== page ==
Stacey Championed Farmland Protection, Smart Growth and Transit
Attorney Bob Stacey played an outsized role in developing Oregon’s transportation and pioneering land-use systems. Along the way, he blocked the Rajneeshees from building a city on farmland, promoted expanded roles for public transit and championed greater density to avoid urban sprawl. Stacey died at age 72 after an extended battle with meningioma.
Stacey, who attended Reed College and took his law degree from the University of Oregon, spread his version of the land-use gospel as Portland’s planning director, an aide to Governor Barbara Roberts, a policy adviser at TriMet, a top aide to Portland City Commissioner Earl Blumenauer and an elected Metro councilor. He squeezed in a little time as a private land-use attorney.
In a tribute on the US House floor, Congressman Blumenauer described Stacey as “a thought leader in all things that matter – environmental protection, land use, climate, traffic congestion, affordable housing, air quality and economic development.” Metro President Lynn Peterson, who served with Stacey, said, “Bob never ran out of creative ideas on how to protect Oregon’s communities, farms and forests, and how to connect them all together. His service and vision are obvious in all corners of our state, and his wisdom and nearly 50 years of experience is going to be missed on the council.”
One of the last projects Stacey championed as a Metro councilor was converting 1.65 acres on NE 74th near Glisan from a block-wide parking lot into “active street-side” commercial space combined with low-income housing above.
Former Governor Tom McCall and the late Henry Richmond are given much of the credit for defending Oregon’s innovative and at-times controversial land-use system after its adoption in 1973. However, Stacey played an equally critical role.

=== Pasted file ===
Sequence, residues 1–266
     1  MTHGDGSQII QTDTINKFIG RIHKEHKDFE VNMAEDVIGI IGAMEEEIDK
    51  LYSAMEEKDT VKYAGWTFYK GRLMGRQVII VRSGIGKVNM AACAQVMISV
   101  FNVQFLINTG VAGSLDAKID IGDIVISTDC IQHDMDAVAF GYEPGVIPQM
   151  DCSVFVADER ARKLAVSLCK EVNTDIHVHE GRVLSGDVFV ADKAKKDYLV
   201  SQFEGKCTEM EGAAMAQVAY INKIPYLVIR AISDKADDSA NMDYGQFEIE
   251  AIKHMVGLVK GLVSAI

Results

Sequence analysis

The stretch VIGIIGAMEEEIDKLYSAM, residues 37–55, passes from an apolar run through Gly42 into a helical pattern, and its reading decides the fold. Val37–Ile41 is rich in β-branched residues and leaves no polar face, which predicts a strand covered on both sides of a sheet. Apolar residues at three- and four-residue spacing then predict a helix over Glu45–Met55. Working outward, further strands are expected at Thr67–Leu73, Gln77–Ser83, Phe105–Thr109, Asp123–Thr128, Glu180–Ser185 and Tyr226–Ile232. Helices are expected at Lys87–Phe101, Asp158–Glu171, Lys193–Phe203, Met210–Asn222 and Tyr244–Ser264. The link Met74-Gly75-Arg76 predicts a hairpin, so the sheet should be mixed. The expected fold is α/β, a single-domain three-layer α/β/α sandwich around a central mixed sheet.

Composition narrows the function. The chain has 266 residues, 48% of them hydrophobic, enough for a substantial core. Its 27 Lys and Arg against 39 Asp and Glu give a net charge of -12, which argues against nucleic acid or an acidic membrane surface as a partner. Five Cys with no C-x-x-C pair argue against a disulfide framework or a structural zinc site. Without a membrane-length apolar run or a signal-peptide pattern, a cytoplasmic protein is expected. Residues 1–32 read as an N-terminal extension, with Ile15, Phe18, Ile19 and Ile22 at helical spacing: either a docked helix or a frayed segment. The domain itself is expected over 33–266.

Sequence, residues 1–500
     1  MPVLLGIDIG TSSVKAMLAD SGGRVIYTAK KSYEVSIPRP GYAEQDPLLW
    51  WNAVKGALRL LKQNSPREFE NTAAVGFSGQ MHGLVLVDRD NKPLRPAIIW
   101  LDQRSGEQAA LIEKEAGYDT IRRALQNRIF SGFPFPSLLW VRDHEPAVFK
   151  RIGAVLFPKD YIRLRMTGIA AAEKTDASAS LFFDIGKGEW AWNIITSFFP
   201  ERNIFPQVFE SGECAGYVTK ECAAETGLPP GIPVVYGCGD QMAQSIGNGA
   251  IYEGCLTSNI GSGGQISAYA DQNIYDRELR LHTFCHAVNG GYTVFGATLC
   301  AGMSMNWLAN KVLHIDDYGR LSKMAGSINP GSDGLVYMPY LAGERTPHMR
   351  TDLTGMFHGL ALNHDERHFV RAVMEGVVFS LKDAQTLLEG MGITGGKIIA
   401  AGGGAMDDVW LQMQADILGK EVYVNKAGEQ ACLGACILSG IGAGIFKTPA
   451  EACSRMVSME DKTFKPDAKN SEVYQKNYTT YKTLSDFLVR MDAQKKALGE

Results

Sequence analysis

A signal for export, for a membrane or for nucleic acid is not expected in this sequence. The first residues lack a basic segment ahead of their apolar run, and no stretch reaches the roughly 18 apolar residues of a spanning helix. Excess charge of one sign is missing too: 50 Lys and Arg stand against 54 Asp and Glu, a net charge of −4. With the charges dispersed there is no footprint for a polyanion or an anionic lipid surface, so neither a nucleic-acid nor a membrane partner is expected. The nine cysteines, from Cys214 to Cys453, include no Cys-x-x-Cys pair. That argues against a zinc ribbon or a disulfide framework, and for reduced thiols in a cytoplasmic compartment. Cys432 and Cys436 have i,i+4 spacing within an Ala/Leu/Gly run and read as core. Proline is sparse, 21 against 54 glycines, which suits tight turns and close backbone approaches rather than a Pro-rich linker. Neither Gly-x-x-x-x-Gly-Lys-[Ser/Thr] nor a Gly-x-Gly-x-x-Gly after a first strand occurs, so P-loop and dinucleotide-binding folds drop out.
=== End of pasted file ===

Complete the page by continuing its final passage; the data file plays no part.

Stacey was an original staff attorney for 1000 Friends of Oregon, the watchdog group Richmond set up in 1975 with McCall’s support. Among Stacey’s first fights was to press for a strong urban growth boundary in the Portland area. Like Richmond, Stacey had an engaging personality that took the edge off his policy persistence. He befriended homebuilders who wound up supporting the UGB concept because he convinced them they could build more houses on less land.
Working for Roberts, Stacey convinced the Governor to oppose the westside bypass, conceived as a limited access highway between Tualatin and Hillsboro, which was just beginning to become Oregon’s hub of high-tech manufacturing. Backers favored the bypass to relieve congestion on Highway 26 and Highway 217 in fast-growing Washington County. Stacey sided with farmers who feared the bypass would promote urban sprawl. Roberts not only blocked the highway, but she also had it removed from the state’s highway plan. It’s never been seriously considered since then.
Bob never ran out of creative ideas on how to protect Oregon’s communities, farms and forests, and how to connect them all together.
Stacey and Richard Benner, his legal partner at 1000 Friends of Oregon and later Oregon’s land-use director, were targets of a poisoning attempt by the Rajneeshees in response to their effective legal work blocking the cult’s city plans. Rajneeshees were blamed for poisoning a salad bar in The Dalles that sickened hundreds of people and sending a tainted box of chocolates to the 1000 Friends of Oregon office. According to Benner, Stacey and he never nibbled on the candy.
In the wake of a property rights initiative in the early 2000s, Stacey returned to lead 1000 Friends of Oregon. He blunted the initiative by working with Oregon lawmakers and various interest groups to find compromises such as allowing rural landowners more flexibility to build houses on their land while still preventing large-scale developments on farmland. One of the allies in the effort was Oregon’s wine industry that secured additional protection for existing and potential vineyard land.
Stacey was elected to the Metro Council in 2012 to represent District 6, which straddles the Willamette River from southeast to southwest Portland. Shortly after his election, Stacey was diagnosed with brain tumors that grow slowly but can be disabling. Stacey was open about his condition, including surgery in 2013 to remove tumors and the medication he took to reduce persistent swelling. After serving nine years on the Council, Stacey resigned in 2021, noting the medications he took affected his energy level and ability to analyze complex subjects.
“I wish I could continue to serve my constituents and the public interest as a Metro councilor,” Stacey said in announcing his resignation. “But I no longer have the capacity to do that job – and manage my health.”